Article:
Ep6 Inside the Conference Board Sales Enablement Council Meeting
Welcome to the Inside Sales Enablement Podcast, Episode 6
What's going on in the Sales Enablement space -- specially with companies looking to evolve their sales strategy?
In this special edition, Brian Lambert catches up with Scott Santucci after a two-day Council Meeting of Sales Enablement Executives.
At the beginning of 2018, the Conference Board received requests from its members (large businesses) to form a council to explore the emerging role of sales enablement in order to establish the foundations for developing and running this new function. The group is invitation-only and works to create insights based on the practical experiences of its members. Members include leaders from large companies representing diverse industries including financial services,high technology, business services, hospitality and manufacturing.
Scott Santucci serves as the program director of the group (on a contract basis). Through the process of norming, storming, and forming - the group is developing new ways to gain insights from different industries. When you look at the forest from the trees, new patterns begin to emerge. What we are learning is that for B2B sales, the sales execution problems that Intercontinental Hotels Group and Microsoft are far more similar than they are different. Regardless of your industry, the practice of B2B selling is similar.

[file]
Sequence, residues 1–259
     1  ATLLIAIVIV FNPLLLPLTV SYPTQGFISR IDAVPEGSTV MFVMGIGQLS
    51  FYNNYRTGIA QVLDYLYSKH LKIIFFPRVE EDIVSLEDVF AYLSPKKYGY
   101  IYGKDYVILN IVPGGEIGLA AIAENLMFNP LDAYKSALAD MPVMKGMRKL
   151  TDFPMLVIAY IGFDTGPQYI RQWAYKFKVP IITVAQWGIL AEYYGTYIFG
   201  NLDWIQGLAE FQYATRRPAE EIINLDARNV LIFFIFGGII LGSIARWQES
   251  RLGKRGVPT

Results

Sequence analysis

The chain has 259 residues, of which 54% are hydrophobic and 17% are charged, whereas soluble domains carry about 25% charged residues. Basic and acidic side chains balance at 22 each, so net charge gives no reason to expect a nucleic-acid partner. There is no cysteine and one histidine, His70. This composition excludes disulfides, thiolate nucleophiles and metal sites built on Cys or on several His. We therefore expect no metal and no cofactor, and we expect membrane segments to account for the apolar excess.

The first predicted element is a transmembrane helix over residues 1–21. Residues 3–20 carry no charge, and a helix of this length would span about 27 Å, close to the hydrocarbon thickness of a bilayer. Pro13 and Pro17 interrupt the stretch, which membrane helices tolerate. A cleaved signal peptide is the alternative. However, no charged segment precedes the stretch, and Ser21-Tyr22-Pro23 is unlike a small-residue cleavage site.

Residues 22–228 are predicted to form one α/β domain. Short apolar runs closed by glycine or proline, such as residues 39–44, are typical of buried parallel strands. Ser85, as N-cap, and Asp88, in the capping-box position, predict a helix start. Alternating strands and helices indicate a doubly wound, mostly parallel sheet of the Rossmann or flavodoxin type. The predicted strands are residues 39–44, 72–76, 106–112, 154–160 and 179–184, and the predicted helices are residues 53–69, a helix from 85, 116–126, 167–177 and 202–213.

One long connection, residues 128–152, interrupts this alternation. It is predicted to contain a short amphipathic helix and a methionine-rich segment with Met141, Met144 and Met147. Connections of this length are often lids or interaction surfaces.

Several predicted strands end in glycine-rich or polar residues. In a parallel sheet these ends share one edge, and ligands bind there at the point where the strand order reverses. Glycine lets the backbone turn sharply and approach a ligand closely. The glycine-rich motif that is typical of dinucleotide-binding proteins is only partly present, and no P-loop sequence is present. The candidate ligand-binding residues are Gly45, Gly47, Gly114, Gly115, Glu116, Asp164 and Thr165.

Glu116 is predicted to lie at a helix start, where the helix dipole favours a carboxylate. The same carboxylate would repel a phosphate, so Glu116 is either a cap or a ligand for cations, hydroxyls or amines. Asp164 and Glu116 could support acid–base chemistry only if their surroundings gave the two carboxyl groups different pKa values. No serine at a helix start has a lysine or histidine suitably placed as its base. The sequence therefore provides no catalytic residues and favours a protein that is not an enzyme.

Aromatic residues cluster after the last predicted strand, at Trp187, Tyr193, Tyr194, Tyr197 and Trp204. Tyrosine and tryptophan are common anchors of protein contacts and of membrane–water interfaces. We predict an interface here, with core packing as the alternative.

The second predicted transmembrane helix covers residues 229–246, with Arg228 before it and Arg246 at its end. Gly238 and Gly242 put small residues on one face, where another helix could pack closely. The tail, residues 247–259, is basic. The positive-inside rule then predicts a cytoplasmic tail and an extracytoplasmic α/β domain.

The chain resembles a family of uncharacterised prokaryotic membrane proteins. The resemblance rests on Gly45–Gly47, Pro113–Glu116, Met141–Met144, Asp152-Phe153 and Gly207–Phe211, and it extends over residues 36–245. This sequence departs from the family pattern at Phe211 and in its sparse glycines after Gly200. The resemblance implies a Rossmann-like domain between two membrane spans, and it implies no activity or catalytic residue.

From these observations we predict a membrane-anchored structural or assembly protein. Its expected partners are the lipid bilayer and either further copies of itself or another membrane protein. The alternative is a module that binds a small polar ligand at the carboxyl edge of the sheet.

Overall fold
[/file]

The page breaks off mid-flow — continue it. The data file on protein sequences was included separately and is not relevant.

You need an overarching "one company" value proposition that is more detailed than your brand, but less specific than products
Your company is organized into product-based silos, but you need to bring a different, integrated, and more consistent experience to customers
You have many different stakeholders involved in a sale - there are "buyers" who give you a hunting license and then "buyers" who drive usage